Finally, the provision expands the exception for small construction contracts from the requirement to use the percentage-of-completion method. Under the provision, contracts within this exception are those contracts for the construction or improvement of real property if the contract (1) is expected (at the time such contract is entered into) to be completed within two years of commencement of the contract, and (2) is performed by a taxpayer that (for the taxable year in which the contract was entered into) meets the $25 million gross receipts test.468

Under the provision, a taxpayer who fails the $25 million gross receipts test for a taxable year is not eligible for any of the aforementioned exceptions (i.e., from the accrual method, from keeping inventories, from applying the uniform capitalization rules, or from using the percentage-of-completion method) for such taxable year.

Application of any of the above provisions is a change in the taxpayer's method of accounting for purposes of section 481. Application of the exception for small construction contracts from the requirement to use the percentage-of-completion method is implemented on a cutoff basis for all similarly classified contracts (hence there is no adjustment under section 481(a) for contracts entered into before January 1, 2018). In addition, any change in method of accounting due to application of the above provisions is treated as initiated by the taxpayer and made with the consent of the Secretary.469 For example, such change is made with the consent of the Secretary for any taxable year in which the taxpayer fails to meet the gross receipts test if the taxpayer met such test in the prior taxable year, and the taxpayer is changing from the cash method to an accrual method. In addition, such change is made with the consent of the Secretary for any taxable year in which the taxpayer meets the gross receipts test if the taxpayer failed to meet such test in the prior taxable year and the taxpayer is changing from an accrual method to the cash method. The Treasury Department has issued published guidance addressing this provision.470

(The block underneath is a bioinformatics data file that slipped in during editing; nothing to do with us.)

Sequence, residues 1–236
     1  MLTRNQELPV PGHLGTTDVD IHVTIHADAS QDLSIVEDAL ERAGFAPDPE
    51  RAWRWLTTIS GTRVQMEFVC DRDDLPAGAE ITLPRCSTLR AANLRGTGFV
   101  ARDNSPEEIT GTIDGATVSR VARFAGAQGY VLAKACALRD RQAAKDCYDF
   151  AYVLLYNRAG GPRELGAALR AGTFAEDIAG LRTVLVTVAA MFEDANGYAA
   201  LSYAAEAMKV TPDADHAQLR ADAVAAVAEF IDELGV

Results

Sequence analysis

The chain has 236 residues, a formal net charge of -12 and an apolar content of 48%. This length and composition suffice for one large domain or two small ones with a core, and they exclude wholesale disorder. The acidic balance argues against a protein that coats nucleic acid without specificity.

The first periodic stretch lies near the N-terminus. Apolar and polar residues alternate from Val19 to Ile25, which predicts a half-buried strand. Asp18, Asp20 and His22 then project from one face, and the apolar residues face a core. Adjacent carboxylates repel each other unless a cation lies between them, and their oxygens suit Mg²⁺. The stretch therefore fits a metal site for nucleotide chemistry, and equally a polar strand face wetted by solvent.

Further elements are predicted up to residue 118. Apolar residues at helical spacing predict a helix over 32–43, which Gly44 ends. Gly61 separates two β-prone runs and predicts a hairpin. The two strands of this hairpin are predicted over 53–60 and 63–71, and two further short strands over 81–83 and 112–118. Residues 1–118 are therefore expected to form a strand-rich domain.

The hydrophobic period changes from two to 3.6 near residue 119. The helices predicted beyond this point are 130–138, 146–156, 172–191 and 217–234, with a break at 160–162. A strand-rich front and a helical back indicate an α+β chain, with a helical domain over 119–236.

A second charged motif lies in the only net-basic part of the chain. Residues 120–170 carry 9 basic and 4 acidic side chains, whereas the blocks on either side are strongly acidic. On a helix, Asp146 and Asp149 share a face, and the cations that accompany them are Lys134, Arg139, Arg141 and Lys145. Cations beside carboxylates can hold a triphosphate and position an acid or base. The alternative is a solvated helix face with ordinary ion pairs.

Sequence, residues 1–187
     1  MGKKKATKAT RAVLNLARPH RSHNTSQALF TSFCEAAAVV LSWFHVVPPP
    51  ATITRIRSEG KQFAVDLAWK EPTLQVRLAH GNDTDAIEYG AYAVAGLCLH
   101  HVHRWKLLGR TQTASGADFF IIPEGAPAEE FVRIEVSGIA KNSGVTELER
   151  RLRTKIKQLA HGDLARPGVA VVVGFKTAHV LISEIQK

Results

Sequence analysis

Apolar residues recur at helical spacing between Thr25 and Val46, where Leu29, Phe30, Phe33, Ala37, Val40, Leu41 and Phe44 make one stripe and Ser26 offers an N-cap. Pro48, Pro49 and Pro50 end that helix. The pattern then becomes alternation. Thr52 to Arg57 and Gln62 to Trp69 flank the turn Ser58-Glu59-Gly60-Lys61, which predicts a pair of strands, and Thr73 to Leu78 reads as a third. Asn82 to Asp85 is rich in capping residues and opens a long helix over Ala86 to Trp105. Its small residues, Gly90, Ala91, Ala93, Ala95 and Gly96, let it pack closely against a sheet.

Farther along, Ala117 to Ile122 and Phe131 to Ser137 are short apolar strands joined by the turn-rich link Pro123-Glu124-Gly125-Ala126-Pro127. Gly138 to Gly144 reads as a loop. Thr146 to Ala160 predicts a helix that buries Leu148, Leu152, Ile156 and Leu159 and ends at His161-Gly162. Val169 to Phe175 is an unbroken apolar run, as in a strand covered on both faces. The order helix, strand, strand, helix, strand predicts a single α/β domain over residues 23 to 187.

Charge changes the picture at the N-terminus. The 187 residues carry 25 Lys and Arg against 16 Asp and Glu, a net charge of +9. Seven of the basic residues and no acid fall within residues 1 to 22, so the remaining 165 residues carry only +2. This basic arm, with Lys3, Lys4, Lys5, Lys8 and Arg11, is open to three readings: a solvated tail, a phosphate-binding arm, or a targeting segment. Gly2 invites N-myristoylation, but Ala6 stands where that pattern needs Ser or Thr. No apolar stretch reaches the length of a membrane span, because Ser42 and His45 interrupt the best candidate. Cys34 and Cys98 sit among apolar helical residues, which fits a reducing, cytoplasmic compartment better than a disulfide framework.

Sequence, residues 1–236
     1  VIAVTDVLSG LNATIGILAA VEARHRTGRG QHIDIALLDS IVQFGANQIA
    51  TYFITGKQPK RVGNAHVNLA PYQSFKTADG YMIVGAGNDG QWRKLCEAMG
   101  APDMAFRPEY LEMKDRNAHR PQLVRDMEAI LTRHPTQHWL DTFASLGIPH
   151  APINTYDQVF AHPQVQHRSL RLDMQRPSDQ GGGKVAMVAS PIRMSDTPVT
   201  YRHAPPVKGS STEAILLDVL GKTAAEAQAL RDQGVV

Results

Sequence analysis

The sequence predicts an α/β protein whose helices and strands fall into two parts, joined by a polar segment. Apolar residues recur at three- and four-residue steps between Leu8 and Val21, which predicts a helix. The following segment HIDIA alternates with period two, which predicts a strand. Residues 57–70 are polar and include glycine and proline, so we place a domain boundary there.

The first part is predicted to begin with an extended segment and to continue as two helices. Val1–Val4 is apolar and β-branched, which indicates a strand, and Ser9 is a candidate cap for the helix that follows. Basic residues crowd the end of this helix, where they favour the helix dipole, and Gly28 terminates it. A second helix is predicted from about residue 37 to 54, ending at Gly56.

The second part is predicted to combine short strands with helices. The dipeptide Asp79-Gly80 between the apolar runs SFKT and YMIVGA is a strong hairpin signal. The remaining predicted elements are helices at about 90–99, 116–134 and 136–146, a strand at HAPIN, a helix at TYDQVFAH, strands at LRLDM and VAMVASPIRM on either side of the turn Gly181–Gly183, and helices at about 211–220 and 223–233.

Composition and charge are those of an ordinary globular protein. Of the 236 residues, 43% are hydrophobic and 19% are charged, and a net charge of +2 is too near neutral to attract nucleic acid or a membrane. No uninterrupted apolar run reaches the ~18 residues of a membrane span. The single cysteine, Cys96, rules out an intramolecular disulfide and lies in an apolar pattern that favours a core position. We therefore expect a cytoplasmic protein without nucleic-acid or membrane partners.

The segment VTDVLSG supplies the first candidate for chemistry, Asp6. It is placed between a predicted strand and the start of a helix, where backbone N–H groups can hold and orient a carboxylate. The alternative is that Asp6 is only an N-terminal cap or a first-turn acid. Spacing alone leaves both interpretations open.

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3. Effective Date
The provisions to expand the universe of taxpayers, including farming C corporations, eligible to use the cash method, exempt certain taxpayers from the requirement to keep inventories, and expand the exception from the uniform capitalization rules apply to taxable years beginning after December 31, 2017. Application of these rules is a change in the taxpayer's method of accounting for purposes of section 481.

The provision to expand the exception for small construction contracts from the requirement to use the percentage-of-completion method applies to contracts entered into after December 31, 2017, in taxable years ending after such date. Application of this rule is a change in the taxpayer's method of accounting for purposes of section 481. Application of the exception for small construction contracts from the requirement to use the percentage-of-completion method is implemented on a cutoff basis for all similarly classified contracts (hence there is no adjustment under section 481(a) for contracts entered into before January 1, 2018).


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Footnotes:
421 A technical correction may be necessary to reflect this intent.
422 Heating, ventilation, and air-conditioning property includes all components (whether in, on, or adjacent to the building) of a central air conditioning or heating system, including motors, compressors, pipes and ducts. Treas. Reg. sec. 1.48-1(e)(2). 423 Treas. Reg. sec. 1.446-1(a)(1).
424 Sec. 446(c).
425 See, e.g., secs. 167 and 168.
426 See, e.g., secs. 451 and 460.
427 See, e.g., secs. 461 and 467.
428 Sec. 446(d); Treas. Reg. sec. 1.446-1(d).
429 Treas. Reg. sec. 1.446-1(e)(1).
430 See also Rev. Rul. 90-38, 1990-1 C.B. 57 (holding that a taxpayer adopts a method of accounting (1) when it uses a permissible method of accounting on a single tax return, or (2) when it uses the same impermissible method of accounting on two or more consecutive tax returns).
431 Treas. Reg. sec. 1.446-1(e).
432 See, e.g., sec. 451. For a discussion of changes made to section 451 by the Act, see the description of section 13221 of the Act (Certain Special Rules for Taxable Year of Inclusion).